A French Art Nouveau lithograph by Alphonse Mucha. An exquisite portrait of Sarah Bernhardt in the role of "La Princesse Lointaine" is used here for publicizing "LU" (Lefévre-Utile) biscuits, with a handwritten testimonial by the actress herself: "Je ne trouve rien de meilleur qu''un petit LU; oh si, deux petits LU." (I haven''t found anything better than a little LU--oh yes, two little LU.) "La Princesse Lointaine" was one of Sarah''s great successes, a play written for her by Edmond Rostand based an old medieval tale, shown for the first time in 1895. She played Melisande, daughter of one of the crusader kings from Tripoli who becomes famous far and wide for her beauty. When word of her charm reaches a French knight, Jofroi, he sets out on a long and exhausting journey at the end of which he dies in ecstasy after having accomplished his goal of seeing her and telling her of his love. The Lefèvre-Utile Company also used other artists to produce posters in this series which featured testimonials by prominent personalities; many were also issued as postcards. The heraldic birds on each corner were appropriated from the heraldic casket of Saint Louis (King Louis IX) on view at the Louvre. A detail from the casket figured in Owen Jones''s seminal work, Grammar of Ornament (1856). Pictured in "Alphonse Mucha: The Complete Posters and Panels" by Jack Rennert and Alain Weill, Page 308-309, Plate 86.

French Art Nouveau Lithograph, 'La Princesse  Lointaine' by Alphonse Mucha

Lithograph "En l''honneur de Sarah Bernhardt" by Mucha

A French Art Nouveau lithograph "En l''honneur de Sarah Bernhardt - ses admirateurs et ses amis" by Alphonse Mucha. Stamped "F. Champenois, Paris". This image was originally created to announce an article about the legendary actress which was to appear in the December 15, 1896 issue of the magazine "La Plume". The article was to coincide with a celebratory banquet on November 9, 1896 given by The Divine Sarah''s friends and admirers. Due to editorial problems, the article was delayed until the January 1, 1897 issue, but the image was used by the sponsors of the banquet in a poster honoring Mlle Bernhardt. Pictured in "Alphonse Mucha: The Complete Posters and Panels", by Jack Rennert and Alain Weill," page 112, cat. 21 var. 1. Provenance: Elizabeth Taylor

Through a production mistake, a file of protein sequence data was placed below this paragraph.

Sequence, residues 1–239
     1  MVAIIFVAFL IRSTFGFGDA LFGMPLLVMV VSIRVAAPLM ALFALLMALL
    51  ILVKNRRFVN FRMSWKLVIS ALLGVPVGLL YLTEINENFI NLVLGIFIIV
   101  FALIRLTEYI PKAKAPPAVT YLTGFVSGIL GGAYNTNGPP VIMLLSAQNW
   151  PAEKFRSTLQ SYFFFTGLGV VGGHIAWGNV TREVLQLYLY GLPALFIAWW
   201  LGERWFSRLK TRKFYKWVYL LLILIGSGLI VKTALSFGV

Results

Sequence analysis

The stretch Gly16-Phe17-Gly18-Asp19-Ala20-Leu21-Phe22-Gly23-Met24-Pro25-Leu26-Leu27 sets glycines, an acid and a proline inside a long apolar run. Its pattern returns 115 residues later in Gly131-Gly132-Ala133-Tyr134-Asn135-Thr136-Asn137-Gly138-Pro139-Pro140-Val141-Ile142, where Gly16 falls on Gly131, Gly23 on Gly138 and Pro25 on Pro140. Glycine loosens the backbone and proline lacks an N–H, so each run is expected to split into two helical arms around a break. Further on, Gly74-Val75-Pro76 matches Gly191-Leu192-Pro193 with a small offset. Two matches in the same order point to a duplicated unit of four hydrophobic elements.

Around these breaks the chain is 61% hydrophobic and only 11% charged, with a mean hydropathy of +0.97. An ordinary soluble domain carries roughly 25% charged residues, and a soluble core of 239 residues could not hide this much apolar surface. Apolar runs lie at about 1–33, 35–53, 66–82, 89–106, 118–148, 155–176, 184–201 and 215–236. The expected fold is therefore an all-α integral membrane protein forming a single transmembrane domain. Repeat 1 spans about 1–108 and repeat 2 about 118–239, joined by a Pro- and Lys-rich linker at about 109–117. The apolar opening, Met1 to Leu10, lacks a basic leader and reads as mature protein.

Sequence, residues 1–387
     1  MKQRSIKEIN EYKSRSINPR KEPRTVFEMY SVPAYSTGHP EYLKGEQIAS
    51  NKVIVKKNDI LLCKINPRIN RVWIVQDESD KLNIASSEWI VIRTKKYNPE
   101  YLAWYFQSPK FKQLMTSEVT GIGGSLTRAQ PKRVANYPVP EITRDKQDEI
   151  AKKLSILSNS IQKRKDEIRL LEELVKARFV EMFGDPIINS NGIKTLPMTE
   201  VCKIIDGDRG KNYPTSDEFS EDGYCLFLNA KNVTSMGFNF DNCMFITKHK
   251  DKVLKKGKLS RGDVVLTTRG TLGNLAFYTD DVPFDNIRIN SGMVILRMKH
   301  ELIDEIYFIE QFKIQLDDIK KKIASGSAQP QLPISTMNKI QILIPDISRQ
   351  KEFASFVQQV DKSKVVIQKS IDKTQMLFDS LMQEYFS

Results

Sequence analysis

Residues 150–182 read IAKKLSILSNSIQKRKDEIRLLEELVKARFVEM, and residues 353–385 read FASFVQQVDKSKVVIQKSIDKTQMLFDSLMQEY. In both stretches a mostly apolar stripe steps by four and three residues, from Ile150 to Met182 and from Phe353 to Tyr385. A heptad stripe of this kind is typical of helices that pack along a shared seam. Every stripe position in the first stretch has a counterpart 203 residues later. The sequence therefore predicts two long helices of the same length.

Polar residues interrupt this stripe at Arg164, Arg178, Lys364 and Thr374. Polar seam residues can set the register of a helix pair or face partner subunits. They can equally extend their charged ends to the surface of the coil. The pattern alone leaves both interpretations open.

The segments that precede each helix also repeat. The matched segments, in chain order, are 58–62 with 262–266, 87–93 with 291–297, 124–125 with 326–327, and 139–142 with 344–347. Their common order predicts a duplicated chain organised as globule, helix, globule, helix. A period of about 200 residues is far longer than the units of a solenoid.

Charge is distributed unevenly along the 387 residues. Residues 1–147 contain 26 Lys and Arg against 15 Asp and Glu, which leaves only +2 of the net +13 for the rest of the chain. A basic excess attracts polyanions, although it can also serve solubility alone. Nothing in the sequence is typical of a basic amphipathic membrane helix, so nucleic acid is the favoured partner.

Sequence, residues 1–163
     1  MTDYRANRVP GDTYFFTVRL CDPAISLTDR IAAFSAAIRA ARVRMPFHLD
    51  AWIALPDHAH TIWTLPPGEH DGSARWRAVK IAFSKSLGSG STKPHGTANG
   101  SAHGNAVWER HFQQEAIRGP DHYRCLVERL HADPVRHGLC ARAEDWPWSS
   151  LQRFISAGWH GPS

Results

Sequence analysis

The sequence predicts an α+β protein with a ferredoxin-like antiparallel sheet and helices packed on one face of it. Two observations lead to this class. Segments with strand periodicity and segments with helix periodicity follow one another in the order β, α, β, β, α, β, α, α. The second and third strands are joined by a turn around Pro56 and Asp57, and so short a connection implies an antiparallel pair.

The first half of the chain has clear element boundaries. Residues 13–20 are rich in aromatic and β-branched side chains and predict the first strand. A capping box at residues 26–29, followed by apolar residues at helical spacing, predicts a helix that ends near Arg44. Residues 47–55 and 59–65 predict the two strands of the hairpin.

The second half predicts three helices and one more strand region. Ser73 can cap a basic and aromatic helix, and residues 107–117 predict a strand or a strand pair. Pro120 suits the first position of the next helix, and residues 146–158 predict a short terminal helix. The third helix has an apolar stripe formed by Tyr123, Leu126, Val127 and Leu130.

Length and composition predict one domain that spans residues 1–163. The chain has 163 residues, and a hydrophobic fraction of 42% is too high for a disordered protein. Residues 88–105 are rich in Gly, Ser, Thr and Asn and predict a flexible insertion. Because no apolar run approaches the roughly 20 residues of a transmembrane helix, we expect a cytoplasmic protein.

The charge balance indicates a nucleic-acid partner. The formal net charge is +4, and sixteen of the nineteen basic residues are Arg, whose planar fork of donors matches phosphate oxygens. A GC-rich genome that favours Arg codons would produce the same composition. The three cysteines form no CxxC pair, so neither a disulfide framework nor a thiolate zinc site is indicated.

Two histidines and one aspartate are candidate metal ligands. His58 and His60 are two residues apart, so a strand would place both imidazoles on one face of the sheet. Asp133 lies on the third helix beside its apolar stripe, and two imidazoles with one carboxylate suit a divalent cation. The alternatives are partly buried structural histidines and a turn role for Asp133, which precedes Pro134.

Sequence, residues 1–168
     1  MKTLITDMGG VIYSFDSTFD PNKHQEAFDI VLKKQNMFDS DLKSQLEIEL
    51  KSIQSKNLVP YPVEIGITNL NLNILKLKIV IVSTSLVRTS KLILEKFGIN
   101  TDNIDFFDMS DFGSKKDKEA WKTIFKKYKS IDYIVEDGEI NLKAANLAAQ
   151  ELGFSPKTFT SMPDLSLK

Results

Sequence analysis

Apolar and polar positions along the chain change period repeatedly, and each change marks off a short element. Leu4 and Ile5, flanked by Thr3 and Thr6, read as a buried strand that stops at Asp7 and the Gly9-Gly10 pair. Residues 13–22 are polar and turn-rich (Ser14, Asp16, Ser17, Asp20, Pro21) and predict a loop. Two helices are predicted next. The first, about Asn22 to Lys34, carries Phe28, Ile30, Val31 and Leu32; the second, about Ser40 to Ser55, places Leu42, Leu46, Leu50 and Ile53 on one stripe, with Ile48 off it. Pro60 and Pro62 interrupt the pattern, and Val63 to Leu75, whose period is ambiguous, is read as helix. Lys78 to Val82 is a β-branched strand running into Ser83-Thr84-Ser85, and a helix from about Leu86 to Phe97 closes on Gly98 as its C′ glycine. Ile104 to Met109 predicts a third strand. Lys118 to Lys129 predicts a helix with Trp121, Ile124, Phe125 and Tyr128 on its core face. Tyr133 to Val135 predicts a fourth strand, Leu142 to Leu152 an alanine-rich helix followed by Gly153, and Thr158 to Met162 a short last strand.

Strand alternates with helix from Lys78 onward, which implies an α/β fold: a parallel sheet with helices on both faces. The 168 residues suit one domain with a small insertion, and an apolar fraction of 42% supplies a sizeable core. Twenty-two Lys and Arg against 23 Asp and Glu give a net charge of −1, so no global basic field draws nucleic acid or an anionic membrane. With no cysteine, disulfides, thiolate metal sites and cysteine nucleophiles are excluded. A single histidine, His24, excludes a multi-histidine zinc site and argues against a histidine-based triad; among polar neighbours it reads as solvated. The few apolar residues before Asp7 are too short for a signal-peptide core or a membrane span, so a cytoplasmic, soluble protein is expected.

Lithograph 'En l''honneur de Sarah Bernhardt' by Mucha

French Art Nouveau LIthograph, "Reverie" ("Dream"), by Alphonse Mucha.

A French Art Nouveau lithograph, titled "Reverie" ("Dream"), by Alphonse Mucha. This is one of Mucha's most frequently printed designs. "La Plume" sold this edition without the lettering. However, the original use of the design was as an in-house poster for the printer Champenois, used to usher in the new year of 1898. The design shows a woman leafing through what may be a sample book of printer's designs. The circular halo decorated with floral motifs behind her is one of the most elaborate ones Mucha ever used, as well as one of the largest in terms of its relation to the size of the picture. Further distinguishing this example is the presence of Mucha's original wax seal on the ribbon used to wrap the lithograph as a gift given by the artist. In our 50 years specializing in his artwork, this is the first time we have seen Mucha's wax seal. Pictured in: Alphonse Mucha, The Complete Posters and Panels, by Jack Rennert and Alain Weill, Abage Publishers, Chicago, p. 163, figure 39, variant 2.

French Art Nouveau LIthograph, 'Reverie' ('Dream'), by Alphonse Mucha.